2 Frame Rates?

  • This topic has 1 reply, 1 voice, and was last updated 12 years ago by AvatarAnonymous.
Viewing 1 reply thread
  • Author
    Posts
    • #45543
      AvatarAnonymous
      Inactive

      I have a Canon HR10, and it has the option to either record in 60i or 24p. I always shoot in 24p, since i like the “slower” look and the fact that there is no “Interlace Lines” (I don’t know what those are called.)

      But i recently read somewhere that you always should shoot your movies with the highest frame rate possible, since you can change it to a lower frame rate in post ptroduction, and you will have more options.

      Well, is it better to shoot at 60i than change it to 24p and/or just interpolate the “Interlace Lines” (hahaha.. i really need to lear the name of the lines) or just shoot at 24p?

      Any help would be appreciated, and BTW, I have Sony Vegas Pro 8.

      Kuddos,

      Caio.

    • #189012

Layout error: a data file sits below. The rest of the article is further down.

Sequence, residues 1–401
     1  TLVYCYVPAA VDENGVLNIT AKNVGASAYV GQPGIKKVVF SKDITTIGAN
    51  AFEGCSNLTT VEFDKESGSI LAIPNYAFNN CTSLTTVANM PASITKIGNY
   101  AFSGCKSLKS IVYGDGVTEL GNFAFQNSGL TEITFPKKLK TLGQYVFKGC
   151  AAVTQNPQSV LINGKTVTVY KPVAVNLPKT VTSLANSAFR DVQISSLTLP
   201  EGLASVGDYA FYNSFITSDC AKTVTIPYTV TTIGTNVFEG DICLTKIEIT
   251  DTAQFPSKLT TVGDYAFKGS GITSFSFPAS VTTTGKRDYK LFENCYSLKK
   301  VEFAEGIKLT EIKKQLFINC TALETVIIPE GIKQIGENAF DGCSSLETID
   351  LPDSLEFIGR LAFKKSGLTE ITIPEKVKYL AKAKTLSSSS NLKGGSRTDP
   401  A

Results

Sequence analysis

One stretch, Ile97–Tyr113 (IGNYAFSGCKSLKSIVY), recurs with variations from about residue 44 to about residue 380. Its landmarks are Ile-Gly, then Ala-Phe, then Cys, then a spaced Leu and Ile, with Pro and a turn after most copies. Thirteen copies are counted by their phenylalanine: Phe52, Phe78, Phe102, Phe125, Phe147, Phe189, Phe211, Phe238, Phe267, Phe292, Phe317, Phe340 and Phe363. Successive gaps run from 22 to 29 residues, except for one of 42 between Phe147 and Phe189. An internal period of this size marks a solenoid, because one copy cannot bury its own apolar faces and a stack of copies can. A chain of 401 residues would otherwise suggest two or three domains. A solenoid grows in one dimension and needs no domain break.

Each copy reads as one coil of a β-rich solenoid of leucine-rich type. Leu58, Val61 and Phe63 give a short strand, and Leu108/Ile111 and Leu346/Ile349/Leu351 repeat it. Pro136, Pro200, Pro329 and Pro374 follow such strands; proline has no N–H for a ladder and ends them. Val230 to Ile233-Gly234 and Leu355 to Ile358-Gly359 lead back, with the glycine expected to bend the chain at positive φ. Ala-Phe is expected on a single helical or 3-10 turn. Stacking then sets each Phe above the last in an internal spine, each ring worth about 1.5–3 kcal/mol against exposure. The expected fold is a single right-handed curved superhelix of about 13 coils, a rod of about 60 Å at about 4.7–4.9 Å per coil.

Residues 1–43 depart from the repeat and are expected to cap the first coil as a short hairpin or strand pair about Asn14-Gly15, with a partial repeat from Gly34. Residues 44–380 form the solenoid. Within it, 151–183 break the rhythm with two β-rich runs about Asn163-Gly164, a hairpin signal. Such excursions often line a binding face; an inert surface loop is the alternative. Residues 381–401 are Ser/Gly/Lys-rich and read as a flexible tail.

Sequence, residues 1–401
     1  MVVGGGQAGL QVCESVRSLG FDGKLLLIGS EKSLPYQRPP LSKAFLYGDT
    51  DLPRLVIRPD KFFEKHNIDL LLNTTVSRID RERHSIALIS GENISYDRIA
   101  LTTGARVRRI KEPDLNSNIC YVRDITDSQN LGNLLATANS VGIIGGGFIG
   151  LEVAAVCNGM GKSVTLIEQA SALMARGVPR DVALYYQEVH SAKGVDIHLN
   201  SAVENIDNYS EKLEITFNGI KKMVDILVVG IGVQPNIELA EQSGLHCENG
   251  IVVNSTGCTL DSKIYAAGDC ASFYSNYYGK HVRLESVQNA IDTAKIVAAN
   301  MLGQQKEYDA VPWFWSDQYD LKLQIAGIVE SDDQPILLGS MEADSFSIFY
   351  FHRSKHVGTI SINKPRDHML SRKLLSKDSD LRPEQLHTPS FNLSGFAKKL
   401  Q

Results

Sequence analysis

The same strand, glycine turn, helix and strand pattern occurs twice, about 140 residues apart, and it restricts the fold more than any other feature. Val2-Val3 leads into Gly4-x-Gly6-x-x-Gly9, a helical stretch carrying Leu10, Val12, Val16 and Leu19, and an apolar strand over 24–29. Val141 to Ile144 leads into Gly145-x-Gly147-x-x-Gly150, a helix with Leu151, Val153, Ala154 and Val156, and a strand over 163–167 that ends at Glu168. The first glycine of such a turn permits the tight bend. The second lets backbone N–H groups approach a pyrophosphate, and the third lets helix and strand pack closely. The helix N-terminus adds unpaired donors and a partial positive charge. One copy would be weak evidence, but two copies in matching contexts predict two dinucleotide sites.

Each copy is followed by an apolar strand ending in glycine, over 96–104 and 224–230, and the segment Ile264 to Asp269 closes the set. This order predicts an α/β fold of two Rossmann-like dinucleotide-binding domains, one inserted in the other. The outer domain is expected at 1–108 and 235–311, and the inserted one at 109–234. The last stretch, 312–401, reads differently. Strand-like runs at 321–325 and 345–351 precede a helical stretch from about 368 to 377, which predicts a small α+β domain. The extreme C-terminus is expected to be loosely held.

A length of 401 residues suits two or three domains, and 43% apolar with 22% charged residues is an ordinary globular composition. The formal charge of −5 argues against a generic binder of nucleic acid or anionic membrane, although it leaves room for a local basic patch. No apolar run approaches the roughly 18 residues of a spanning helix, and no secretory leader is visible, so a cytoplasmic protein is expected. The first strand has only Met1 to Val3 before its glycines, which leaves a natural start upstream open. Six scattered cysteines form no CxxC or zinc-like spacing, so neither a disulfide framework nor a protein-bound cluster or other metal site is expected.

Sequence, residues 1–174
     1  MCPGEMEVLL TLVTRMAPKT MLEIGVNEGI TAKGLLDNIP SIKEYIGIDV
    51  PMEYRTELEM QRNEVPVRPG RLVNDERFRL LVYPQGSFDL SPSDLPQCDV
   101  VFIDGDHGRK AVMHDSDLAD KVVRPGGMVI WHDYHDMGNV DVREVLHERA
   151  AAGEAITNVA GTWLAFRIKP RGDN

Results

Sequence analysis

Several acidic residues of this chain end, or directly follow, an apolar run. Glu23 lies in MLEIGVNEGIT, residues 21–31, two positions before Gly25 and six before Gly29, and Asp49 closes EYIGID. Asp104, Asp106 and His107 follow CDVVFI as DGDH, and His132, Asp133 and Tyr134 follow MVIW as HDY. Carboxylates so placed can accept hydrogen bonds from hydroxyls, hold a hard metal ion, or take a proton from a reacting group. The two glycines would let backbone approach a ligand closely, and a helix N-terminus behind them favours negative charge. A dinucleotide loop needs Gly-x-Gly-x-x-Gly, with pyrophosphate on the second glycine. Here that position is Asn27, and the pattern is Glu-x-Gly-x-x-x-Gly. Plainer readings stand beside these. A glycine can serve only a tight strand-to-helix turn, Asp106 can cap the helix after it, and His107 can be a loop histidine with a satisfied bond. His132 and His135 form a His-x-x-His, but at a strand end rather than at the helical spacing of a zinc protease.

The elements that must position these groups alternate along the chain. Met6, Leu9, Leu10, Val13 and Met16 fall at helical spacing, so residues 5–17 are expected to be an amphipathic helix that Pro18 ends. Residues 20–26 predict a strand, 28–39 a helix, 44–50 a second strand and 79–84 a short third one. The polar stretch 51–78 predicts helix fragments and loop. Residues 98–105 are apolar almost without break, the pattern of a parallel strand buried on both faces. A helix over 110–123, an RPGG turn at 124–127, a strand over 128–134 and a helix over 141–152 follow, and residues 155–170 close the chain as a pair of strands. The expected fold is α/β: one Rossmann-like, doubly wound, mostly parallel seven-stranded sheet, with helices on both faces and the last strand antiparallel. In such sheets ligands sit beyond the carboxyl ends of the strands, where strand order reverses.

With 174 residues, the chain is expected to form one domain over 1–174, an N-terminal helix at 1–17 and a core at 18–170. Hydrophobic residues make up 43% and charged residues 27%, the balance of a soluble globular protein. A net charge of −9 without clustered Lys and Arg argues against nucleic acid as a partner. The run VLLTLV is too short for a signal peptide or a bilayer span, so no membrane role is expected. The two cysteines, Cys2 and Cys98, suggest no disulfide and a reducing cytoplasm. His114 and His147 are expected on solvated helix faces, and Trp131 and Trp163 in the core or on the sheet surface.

AvatarRob
      Participant

      <span style=”font-size: 13px; line-height: 20px;”>”But i recently read somewhere that you always should shoot your movies with the highest frame rate possible, since you can change it to a lower frame rate in post ptroduction, and you will have more options.”</span>

      <span style=”font-size: 13px; line-height: 20px;”>Here I don’t think having options in post is the issue. I think you need to think about how you will deliver your video. If you will post on the web, then you should shoot 60i and then export to 30p. Why? Because computer screens at 30p. If you are shooting for broadcast, which your probably not, then shoot 60i. Personally, If you’re going to deliver on DVD, then I think you can author in 24p, im not sure though. I always stick with 60i.</span>

      <span style=”font-size: 13px; line-height: 20px;”>So like I said, your method of delivery will answer that question.</span>

Viewing 1 reply thread
  • You must be logged in to reply to this topic.

Best Products

Best microphone for YouTube — 2021

One of the most common mistakes beginning video producers make is to overlook audio. Little do these beginners know that audiences are quicker to stop watching a video because of lousy sound quality than they are for poor video. Sound...
homicide-bootstrap